Collier Edition

Should I Stay or Should I Go

By Dale Klaus and Reube Doupé – Klaus Doupé, PA

Should I Stay or Should I GoBy far, the most common question asked by new clients is whether or not they should stay or leave the marital home.  This issue has far reaching practical implications for the spouses, but is not very complicated legally.

At the outset, note that Florida law allows every person the right to continue their residence.  That means that the filing of a divorce does not automatically require one spouse to leave the home.  That being said, the reality is that by the time a divorce is complete, one or both parties will have to find a new residence.  The steps for getting from one stage to the other are where difficulties sometimes arise.  These are the questions we ask our clients to help them determine the best way to handle the situation.

First, is it your goal to keep the home?  Typically, a client is concerned about whether moving out of the house could be considered abandoning the home and therefore losing any right to the value of the home as a marital asset.  This is a myth and is not legally accurate.  A spouse’s right to a portion of the value of a home does not depend on whether or not that spouse is living in the home.  Legally, that spouse could still ask the Court to keep the home themselves, but practically, once you leave the home voluntarily, there is only a small chance that you will get back in.  So if you do not wish to be the one with the home at the end of the case, then it may make sense to move out before the case is over; and in doing so, you do not lose any right to share in the value of the home.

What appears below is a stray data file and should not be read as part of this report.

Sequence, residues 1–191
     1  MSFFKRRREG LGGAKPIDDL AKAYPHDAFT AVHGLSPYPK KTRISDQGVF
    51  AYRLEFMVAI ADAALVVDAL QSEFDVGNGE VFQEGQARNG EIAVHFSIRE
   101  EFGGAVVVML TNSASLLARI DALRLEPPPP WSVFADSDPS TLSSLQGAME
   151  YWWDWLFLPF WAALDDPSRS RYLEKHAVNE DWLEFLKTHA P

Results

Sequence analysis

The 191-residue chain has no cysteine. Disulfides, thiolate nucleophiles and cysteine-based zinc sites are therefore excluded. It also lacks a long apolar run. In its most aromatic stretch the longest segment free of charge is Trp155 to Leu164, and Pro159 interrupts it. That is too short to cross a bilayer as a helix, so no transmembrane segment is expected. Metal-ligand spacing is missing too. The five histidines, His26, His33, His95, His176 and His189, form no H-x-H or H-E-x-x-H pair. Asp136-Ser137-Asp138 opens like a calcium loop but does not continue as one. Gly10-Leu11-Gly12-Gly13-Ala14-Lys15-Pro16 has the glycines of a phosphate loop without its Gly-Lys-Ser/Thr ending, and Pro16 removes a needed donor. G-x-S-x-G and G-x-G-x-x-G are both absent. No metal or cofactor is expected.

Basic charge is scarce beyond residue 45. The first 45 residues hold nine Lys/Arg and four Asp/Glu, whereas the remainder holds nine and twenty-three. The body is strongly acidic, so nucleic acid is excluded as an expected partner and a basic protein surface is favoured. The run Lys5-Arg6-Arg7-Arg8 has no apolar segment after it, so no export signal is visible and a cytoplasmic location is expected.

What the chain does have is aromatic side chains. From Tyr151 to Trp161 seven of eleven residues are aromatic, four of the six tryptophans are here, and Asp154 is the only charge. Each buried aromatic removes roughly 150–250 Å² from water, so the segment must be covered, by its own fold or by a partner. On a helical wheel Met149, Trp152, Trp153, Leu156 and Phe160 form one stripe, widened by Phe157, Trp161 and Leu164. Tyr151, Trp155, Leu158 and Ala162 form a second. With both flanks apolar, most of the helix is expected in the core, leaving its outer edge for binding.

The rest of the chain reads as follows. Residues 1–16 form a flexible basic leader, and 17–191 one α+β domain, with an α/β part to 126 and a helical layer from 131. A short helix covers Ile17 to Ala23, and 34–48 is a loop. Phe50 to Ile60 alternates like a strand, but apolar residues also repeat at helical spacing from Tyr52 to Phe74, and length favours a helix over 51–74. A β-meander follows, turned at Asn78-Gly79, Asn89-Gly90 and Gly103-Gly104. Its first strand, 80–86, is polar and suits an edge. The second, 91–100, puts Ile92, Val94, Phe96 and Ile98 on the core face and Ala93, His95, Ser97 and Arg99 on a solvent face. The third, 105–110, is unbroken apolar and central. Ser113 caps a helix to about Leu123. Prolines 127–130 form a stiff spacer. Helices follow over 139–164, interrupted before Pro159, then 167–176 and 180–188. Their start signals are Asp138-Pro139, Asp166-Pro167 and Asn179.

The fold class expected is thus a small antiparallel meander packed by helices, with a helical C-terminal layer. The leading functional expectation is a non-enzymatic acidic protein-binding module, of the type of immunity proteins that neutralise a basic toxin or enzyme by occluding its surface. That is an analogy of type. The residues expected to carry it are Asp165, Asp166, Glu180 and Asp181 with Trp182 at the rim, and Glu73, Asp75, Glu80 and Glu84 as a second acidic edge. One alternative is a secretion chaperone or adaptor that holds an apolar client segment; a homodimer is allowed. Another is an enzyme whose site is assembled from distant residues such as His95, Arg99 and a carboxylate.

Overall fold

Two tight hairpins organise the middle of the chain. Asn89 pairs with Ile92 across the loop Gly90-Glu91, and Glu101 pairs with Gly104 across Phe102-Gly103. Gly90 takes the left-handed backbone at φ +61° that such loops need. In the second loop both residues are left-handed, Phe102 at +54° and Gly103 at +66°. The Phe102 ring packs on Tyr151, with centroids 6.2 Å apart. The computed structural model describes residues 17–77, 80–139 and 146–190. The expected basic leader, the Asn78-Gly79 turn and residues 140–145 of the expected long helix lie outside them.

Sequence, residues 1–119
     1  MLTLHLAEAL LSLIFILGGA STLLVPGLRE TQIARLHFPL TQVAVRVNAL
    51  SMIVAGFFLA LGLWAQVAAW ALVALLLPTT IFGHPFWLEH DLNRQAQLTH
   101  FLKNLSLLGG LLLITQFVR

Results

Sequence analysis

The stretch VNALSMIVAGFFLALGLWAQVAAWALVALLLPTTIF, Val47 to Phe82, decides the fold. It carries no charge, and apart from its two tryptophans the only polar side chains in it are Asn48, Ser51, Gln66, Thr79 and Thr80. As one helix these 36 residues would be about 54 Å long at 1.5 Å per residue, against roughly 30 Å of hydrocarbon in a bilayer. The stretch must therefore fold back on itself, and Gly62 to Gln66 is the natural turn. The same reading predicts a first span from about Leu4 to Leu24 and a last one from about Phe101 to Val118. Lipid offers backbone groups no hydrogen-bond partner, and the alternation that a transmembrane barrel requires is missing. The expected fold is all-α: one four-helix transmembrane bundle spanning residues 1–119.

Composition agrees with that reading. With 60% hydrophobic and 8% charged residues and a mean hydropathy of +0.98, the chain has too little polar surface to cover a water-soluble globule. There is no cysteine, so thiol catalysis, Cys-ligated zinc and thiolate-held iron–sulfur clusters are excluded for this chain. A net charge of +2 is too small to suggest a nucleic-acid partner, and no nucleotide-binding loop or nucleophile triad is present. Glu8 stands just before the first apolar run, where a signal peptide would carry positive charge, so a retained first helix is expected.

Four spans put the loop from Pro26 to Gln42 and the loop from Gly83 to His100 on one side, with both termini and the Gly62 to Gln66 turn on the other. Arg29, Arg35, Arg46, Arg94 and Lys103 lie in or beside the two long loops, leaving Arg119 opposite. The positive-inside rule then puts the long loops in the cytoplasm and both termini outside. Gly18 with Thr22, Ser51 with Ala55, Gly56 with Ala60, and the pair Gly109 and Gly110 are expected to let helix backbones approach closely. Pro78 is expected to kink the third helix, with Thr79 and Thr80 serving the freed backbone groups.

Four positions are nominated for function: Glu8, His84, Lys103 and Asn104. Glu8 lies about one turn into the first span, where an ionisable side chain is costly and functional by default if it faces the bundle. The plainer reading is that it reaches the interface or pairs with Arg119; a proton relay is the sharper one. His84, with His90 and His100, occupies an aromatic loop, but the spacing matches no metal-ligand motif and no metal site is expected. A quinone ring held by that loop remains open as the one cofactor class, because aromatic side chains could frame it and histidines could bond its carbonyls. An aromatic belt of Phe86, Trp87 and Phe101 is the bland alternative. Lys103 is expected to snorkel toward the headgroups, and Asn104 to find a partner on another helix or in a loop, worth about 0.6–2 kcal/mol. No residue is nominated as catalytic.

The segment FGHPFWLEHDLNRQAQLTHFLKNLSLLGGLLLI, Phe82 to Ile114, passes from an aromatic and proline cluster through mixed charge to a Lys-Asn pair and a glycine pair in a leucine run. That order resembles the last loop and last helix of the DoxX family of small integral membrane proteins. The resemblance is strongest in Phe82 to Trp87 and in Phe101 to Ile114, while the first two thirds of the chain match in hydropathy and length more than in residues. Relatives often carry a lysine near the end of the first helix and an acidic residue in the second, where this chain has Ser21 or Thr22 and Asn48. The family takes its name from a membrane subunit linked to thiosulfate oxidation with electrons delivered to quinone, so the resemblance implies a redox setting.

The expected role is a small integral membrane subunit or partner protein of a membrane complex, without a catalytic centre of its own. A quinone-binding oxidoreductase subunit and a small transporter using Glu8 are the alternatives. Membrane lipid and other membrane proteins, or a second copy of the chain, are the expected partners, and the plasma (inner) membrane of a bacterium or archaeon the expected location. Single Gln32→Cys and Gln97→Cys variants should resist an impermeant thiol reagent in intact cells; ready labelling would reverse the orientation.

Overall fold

Second, is there a timesharing schedule already in place for your children?  If there is already an agreement, then we try to place that agreement in writing to make it enforceable.  However, if there is a custody dispute, which can occur for a number of reasons, then the parent leaving the home may get cut-off or lose access to the children.  In these circumstances, it is best to get the timesharing schedule solidified before the parents separate, at least on an temporary basis.

Those are essentially the two major issues that play a role in whether one party should stay or go.  Certainly, there are other factors that will come into the fray, available housing, cost of moving and replacing furniture; but those issues are usually resolved efficiently.  In any event, the separation of spouses can be a major life event; and like any other major life event, it should be done with plenty of forethought and counsel.

Klaus Doupé, P.A.
225 Banyan Blvd.
Naples, Florida 34102
(239) 403-9800
www.Marital-FamilyLaw.com

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